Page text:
South African farmers are known the world over as resourceful, courageous and generally able to survive and thrive in some of the most challenging of conditions.

On the banks of the uMzimkulu River – which in isiZulu means the home of large waters –young self-confessed “beach bum” Devan Mac Nicol has joined forces with his father-in-law to farm in what has to be one of the most remote macadamia-producing regions in KwaZulu-Natal.

Flanked by the rolling foothills of the uKhahlamba-Drakensberg and overlooking clusters of homesteads in the rural Transkei across the river, Mac Nicol’s in-laws, Meg and John Foster, have farmed at Goodlands Farm for more than 30 years. Their oldest macadamia trees, which are Beaumonts, are now entering their 18th season, with their youngest trees planted up earlier this year.

“Since my wife Candice and I arrived here mid-year, in fact in the middle of the Covid-19 pandemic lockdown last year, I have been busy planting up 35ha of new plantings, installing microjets – as all our crops are under irrigation from the uMzimkulu River, which provides us with water all year-round – and generally learning everything I can about macadamia farming,” Mac Nicol said.

Invaluable skills

The father of three, who also just happens to be a provincial surfer, like his brother Haydn and sister Caryn, who are also Springbok surfers, says growing up at the renowned Mac Nicol’s Caravan Park at Bazley Beach on the KwaZulu-Natal South Coast meant he not only got to surf every day, but worked alongside his parents learning invaluable skills that are now standing him in excellent stead.

“The caravan park is our family business, so if something needed to be fixed or overhauled, we did it. Whether it was a broken pump or sorting out an electrical or building problem we were hands on,” he said.

And while he admits that conveyor belts used to sort nuts and related farming equipment didn’t quite come into the ambit of his experience at the caravan park, he is fast making the transition.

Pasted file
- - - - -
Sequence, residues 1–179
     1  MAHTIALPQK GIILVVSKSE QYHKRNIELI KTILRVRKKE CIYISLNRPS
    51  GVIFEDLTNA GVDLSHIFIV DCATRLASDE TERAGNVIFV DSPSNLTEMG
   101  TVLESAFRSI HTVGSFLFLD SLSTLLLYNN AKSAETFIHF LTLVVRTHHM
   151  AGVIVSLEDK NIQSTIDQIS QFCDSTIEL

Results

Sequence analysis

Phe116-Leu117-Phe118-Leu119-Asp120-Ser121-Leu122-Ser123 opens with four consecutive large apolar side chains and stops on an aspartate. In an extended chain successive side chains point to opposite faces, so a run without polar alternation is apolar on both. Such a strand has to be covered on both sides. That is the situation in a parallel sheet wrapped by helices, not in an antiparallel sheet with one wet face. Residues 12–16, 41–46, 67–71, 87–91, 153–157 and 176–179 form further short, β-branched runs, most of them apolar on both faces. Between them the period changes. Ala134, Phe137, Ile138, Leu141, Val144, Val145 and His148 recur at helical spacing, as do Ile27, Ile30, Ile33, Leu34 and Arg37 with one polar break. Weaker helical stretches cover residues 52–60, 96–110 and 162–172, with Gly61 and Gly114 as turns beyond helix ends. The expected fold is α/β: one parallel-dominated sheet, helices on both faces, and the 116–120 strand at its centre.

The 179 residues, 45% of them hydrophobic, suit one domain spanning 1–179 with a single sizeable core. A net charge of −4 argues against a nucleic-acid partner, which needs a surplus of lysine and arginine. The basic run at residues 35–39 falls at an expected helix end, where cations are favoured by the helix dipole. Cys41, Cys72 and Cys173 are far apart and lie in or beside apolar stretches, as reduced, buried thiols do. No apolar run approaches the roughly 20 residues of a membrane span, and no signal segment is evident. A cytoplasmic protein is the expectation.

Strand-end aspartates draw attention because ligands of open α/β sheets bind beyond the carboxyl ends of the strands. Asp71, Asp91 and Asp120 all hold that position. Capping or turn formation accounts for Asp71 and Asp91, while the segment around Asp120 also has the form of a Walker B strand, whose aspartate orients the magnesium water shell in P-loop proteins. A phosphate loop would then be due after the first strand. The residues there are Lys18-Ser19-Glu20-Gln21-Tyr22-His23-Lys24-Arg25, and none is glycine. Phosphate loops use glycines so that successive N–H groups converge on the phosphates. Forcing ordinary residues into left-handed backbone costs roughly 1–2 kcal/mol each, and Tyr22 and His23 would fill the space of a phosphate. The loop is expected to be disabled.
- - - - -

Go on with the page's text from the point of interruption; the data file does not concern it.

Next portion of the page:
The recent installation of an upgraded sorting and drying facility on the farm has kept Mac Nicol on his toes as the responsibility of ironing out any hiccups has fallen squarely on his shoulders.

Picking up a toolbox, while taking a call on his mobile phone and followed closely by Rex, the Belgian Malinois shepherd dog, Mac Nicol heads out to the warehouse where the first of the macadamia harvest is being off-loaded for processing.

Taking the phone from his ear he points to a newly painted homestead, as neat as a new pin. “I have also built our new house,” he says.

Rich soils

With 90ha now under macadamia trees and 35ha under cash crops such as potatoes and cabbages, John Foster said he and Meg were attracted to the land in 1989 because of the valley climate, rich soils and abundant supply of water.

“Just 10km from here the conditions are very different. Farms get blanketed in snow or frost during the winter whereas we are very much a more coastal or hot riverine climate,” he said.

When asked why he had the foresight to plant macadamias, Foster replied it was at the advice of the “father of Beaumonts”, Len Hobson. “I don’t believe it was anything clever that we did, but yes, it has worked out well for us.”

Mayo Macs Technical Services Manager in KwaZulu-Natal Andrew Sheard said while macadamia trees were recently planted in Hilton outside Pietermaritzburg, he believed the Foster orchards were “pretty close” to being the furthest inland in the province.

“They get surprisingly very little frost damage compared with some of their neighbours a bit further down from them,” Sheard said.

Mac Nicol said precautions were taken, however, to protect young trees from any potential frost damage.